French authorities have been turning away Calais Jungle camp refugees who agreed to be relocated to reception centres elsewhere in France because of a lack of space, IBTimes UK can reveal. French authorities announced that the camp will be shut in the coming weeks, though they stopped short of issuing a date for the closure.

President Francois Hollande visited Calais in northern France last month after laying out plans to close the camp which houses at least 9,000 refugees in the port city.

The Jungle has been the source of much controversy as refugees, predominantly from war-torn countries in Africa and the Middle East, have endured its squalid conditions in the hope of crossing the border and entering the UK in passing lorries, which has resulted in a number of deaths.

France plans to relocate those living in the Jungle to centres around the country known as centre d'accueil et d'orientation (accommodation centres, CAO), where refugees and migrants are told they will be able to apply for asylum. Those who are not successful will be deported.

Prefecture confirms spaces for refugees 'a problem'

However, IBTimes UK discovered that hundreds of refugees, having agreed to abandon their UK dream and leave the camp at the risk of being eventually deported, have been turned away by officials of the Préfecture de région Hauts-de-France and sub-prefecture of Calais because the authorities are unable to provide spaces in the CAOs.

Abdul, an Afghan in his twenties who spent up to five years in London has been deported and is now back in France again, living in the Jungle. He explained: "The buses are coming every three days. There are between 80 and 120 people standing all night outside, but because only one bus is coming and it has spaces only for 36 people, dozens of people are turned away and the rest of the people go back to the Jungle. Maybe they'll wait for another bus."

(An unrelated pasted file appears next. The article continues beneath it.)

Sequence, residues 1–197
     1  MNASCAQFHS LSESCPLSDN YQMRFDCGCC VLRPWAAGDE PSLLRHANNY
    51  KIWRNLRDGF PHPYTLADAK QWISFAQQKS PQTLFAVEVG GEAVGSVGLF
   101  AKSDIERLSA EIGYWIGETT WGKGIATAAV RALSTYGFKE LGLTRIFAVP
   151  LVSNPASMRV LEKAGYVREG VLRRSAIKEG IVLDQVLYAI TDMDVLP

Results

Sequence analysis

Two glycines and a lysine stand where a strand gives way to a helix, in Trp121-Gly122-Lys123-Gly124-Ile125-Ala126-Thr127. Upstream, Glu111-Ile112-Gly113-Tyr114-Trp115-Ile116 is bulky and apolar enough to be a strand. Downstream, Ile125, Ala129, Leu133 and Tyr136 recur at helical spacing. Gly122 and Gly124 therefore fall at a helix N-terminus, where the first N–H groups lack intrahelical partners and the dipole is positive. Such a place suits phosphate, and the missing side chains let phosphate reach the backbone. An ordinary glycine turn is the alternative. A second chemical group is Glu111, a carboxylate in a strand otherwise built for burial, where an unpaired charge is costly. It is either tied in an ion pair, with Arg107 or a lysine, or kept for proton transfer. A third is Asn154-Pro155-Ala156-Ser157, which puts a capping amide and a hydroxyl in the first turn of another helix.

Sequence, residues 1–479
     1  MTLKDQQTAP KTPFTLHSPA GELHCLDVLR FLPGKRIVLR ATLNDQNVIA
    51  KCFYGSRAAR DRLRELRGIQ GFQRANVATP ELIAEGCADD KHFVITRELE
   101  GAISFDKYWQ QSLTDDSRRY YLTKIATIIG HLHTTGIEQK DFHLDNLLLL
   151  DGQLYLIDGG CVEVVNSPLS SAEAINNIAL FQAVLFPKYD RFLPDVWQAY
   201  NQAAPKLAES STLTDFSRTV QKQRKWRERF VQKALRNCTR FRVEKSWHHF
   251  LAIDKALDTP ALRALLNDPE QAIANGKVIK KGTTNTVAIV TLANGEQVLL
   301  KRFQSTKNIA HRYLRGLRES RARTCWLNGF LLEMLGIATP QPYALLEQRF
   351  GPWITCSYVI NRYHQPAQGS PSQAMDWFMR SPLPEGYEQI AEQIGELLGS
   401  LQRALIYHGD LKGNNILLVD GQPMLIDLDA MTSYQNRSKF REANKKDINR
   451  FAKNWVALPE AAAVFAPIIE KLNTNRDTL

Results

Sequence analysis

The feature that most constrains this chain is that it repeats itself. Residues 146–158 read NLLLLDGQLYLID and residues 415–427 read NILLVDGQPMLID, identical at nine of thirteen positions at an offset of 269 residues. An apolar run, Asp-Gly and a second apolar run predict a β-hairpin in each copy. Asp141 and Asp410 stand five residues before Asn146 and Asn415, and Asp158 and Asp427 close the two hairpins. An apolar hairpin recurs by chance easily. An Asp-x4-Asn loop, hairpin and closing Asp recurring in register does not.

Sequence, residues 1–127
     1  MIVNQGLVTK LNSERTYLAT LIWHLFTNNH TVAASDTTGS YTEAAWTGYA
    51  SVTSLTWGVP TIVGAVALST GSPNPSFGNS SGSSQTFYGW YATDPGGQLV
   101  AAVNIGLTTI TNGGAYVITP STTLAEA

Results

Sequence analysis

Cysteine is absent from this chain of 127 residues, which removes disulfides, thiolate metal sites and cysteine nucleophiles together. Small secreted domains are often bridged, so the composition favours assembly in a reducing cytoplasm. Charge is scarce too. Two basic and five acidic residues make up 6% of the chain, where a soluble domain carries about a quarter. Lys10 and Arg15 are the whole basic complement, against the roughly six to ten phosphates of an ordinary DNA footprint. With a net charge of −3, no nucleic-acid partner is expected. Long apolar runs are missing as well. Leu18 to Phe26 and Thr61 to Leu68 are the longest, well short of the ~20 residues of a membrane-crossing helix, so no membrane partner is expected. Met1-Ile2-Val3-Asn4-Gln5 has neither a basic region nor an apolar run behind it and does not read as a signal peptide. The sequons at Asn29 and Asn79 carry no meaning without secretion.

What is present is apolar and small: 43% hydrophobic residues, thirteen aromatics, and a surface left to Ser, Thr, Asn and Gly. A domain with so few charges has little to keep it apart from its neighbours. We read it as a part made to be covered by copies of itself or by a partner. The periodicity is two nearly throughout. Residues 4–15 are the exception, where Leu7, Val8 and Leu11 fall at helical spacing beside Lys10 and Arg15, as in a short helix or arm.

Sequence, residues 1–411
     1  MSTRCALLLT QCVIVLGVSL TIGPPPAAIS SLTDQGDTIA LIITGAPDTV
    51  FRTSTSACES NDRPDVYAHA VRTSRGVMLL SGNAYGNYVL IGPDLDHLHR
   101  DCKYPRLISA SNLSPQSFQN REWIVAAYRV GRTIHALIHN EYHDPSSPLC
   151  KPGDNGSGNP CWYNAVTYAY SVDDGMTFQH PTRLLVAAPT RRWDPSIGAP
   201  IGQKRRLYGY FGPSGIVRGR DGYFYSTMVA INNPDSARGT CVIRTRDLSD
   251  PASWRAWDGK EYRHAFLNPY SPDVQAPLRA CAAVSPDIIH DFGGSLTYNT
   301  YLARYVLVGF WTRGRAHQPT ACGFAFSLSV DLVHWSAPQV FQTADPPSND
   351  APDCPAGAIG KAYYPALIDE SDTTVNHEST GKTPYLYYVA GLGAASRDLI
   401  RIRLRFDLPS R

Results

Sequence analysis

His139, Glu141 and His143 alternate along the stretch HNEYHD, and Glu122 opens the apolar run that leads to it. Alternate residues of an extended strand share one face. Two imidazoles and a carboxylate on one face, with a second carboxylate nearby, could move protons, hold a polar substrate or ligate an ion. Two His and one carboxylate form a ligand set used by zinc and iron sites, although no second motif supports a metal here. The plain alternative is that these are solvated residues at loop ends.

Calais Jungle camp
Dozens of refugees and migrants have been turned away three times a week by authorities unable to provide them with reception centre spaces Elsa Buchanan / Sho Murakoshi for IBTimes UK

On condition of anonymity, a long-serving volunteer – who helped with construction of the new women's centre – said: "It's chicken and egg all the time. The French authorities want people gone from here but they have nowhere for them to go."

Unable to comment publicly, an official at the prefecture speaking to IBTimes UK on condition of anonymity confirmed that authorities were struggling to find enough space for all the migrants and refugees who agreed to leave as part of the three weekly departures.

"We are facing this problem right now: we have many more migrants volunteering than there are available places," the official, who asked not to be named, told IBTimes UK. "These are migrants who have accepted to leave the Camp de La Lande to re-join one of the CAO throughout France".

The official confirmed that, at government level, Interior Ministry Bernard Cazeneuve and Housing Minister Emmanuelle Cosse "have appealed to every French prefecture to free up new places – with the objective of proceeding with the complete dismantling of the campement de la lande (makeshift camp) which was announced by the Interior Ministry and by the President, Francois Hollande."

Abdul: 'They pretend to come and help but they don't help us'